The diameter D(K, C) of K with respect to C is defined as D(K, C) = 2 max{R([x, y], C) : x, yK}, the s-breadth bs(K, C), often also called s-width, of K with respect to C in the direction s ∈ ℝn \ {0} is bs(K, C) = 2h(KK, s)/h(CC, s). We will use several times that D(K, C) = maxs≠0 bs(K, C), which is shown to be true in [12] if C is 0-symmetric, but this obviously remains true for arbitrary convex bodies, since both, diameter and s-breadth, remain constant when replacing C by (1/2)(CC); see [7, Lemma 2.8]. The (minimal) width w(K, C) of K with respect to C is w(K, C) = mins≠0 bs(K, C).

The Minkowski asymmetry s(K) is the smallest λ ≥ 0 such that λK contains a translate of −K, i.e., s(K) = R(−K, K). Moreover, if for c ∈ ℝn the inclusion −(−c + K) ⊂ s(K)(−c + K) holds, then we say that c is the Minkowski center of K, and if c = 0 we say that K is Minkowski-centered.

One should notice that if c is a Minkowski center of K, we have −(−c + K) ⊂opt s(K)(−c + K). However, by the definition of s(K) the inclusion −(−c + K) ⊂ s(K)(−c + K) already implies the optimal inclusion. In such situations we will not use the “⊂opt”-symbol. It should be reserved to point out an assumption or conclusion about the inclusion that is not a general fact.

An n-simplex is the convex hull of n + 1 affinely independent points. It is well known that s(K) ∈ [1, n], and that s(K) = 1 holds if and only if K is symmetric, whereas s(K) = n holds if and only if K is an n-simplex; cf. [14].

A set K is complete with respect to C if D(Kʹ , C) > D(K, C) for every Kʹ ⊋ K, and K is reduced with respect to C if w(Kʹ , C) < w(K, C) for every Kʹ ⊊ K. With KK and KK we denote a completion or a reduction of K, respectively. This means in the first case that D(K, C) = D(K, C) as well as K is complete, and in the second that w(K, C) = w(K, C) as well as K is reduced. A set K is of constant width with respect to C if w(K, C) = D(K, C) or, equivalently, if KK = ρ(CC) (where ρ = D(K, C)/2 in this case). A set K is called pseudo-complete with respect to a symmetric C if D(K, C) = r(K, C) + R(K, C). One should observe that if C is symmetric, then any complete K is also pseudo-complete; see [24].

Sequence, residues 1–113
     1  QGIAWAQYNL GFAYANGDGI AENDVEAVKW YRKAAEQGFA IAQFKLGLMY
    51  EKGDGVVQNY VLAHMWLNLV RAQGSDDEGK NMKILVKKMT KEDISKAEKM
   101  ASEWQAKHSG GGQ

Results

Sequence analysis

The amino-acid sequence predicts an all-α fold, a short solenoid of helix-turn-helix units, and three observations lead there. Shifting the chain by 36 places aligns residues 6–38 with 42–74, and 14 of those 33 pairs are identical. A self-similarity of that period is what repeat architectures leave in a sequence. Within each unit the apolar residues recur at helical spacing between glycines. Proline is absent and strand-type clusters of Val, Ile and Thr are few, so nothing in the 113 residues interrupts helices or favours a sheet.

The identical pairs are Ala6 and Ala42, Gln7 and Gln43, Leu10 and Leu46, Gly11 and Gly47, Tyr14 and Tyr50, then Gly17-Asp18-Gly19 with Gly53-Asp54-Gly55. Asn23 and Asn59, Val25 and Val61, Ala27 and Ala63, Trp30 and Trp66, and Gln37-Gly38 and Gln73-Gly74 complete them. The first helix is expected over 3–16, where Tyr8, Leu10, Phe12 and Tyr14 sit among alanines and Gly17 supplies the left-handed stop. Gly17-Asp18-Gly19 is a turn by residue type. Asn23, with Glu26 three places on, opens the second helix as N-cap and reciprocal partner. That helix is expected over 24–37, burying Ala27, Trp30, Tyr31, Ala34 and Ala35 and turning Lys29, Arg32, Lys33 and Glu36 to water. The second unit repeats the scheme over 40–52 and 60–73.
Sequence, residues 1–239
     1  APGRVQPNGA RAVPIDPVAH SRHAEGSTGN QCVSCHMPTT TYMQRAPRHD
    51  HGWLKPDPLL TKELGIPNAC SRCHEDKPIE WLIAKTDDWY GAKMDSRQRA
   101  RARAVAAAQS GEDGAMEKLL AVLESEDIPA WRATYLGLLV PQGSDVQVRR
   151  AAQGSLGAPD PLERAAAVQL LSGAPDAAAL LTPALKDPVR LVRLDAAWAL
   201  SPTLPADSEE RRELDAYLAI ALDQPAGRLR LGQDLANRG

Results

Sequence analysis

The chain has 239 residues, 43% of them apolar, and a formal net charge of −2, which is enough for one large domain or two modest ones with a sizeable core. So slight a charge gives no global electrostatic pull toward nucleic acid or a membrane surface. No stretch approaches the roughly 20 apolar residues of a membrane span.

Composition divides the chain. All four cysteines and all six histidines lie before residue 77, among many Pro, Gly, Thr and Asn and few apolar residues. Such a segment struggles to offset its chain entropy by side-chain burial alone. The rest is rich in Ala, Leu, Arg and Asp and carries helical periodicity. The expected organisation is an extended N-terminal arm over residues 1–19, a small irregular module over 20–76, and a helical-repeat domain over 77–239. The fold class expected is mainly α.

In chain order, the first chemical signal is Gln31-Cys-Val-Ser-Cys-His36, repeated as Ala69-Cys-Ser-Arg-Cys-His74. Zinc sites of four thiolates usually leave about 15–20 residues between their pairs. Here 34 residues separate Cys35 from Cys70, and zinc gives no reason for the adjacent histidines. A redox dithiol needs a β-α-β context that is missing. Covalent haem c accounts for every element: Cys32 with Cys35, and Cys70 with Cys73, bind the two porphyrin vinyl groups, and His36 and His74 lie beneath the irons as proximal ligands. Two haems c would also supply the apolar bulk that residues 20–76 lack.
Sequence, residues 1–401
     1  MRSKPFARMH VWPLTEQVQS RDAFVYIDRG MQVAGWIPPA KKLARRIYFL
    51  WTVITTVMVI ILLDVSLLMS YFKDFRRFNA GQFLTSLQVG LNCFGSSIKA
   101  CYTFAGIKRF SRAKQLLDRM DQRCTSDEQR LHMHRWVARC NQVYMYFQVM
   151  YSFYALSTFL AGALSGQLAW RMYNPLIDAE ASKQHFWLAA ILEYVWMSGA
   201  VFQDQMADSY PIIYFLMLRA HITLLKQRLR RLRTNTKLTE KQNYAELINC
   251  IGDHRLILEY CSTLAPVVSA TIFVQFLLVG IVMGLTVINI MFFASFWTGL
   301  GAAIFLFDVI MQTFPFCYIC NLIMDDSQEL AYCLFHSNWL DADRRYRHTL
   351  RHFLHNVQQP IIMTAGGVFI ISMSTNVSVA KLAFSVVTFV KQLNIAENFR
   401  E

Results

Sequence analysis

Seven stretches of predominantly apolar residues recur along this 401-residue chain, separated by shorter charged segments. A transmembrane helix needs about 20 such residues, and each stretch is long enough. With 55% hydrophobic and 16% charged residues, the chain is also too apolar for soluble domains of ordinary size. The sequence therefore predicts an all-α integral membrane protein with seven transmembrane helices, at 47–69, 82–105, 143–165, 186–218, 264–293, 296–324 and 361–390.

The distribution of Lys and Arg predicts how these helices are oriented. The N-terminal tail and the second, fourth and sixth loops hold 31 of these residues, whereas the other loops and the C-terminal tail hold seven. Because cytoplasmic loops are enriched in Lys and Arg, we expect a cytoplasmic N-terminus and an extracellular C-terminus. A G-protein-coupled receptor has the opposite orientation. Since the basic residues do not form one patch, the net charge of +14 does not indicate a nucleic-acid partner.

A gauge body C ∈ 𝒦n and the generalized Minkowski space induced by C are called perfect if K is of constant width with respect to C whenever K is complete with respect to C. By definition, in case that C = −C, the norm induced by C is called perfect iff C is perfect.

3 Completeness and reducedness

In Euclidean spaces of arbitrary dimension and in normed planes, completeness and constant width are equivalent notions (see [4], [9], and [22], as well as Lemma 4.6 below). Moreover, it is easy to see that any K of constant width with respect to an arbitrary body C is complete and reduced with respect to C. However, the contrary is, to the best of our knowledge, not known in general and has (also for norms) not been asked before. This question is the backbone of this article.

Open Question 3.1

. Let K, C ∈ 𝒦n be such that K is complete and reduced with respect to C. Does this imply that K is of constant width with respect to C?

The following lemma collects some facts about completeness and reducedness, showing that most of the problems may be reduced from arbitrary bodies to 0-symmetric ones.

Lemma 3.2

Let K, C ∈ 𝒦n. Then the following statements hold true.

  • (i) K is of constant width with respect to C iff K is of constant width with respect to CC.

  • (ii) K is complete with respect to C iff K is complete with respect to CC.

  • (iii) K is reduced with respect to C iff K is reduced with respect to CC.

  • (iv) C is perfect iff CC is perfect.

  • (v) There exist completions and reductions of K with respect to C.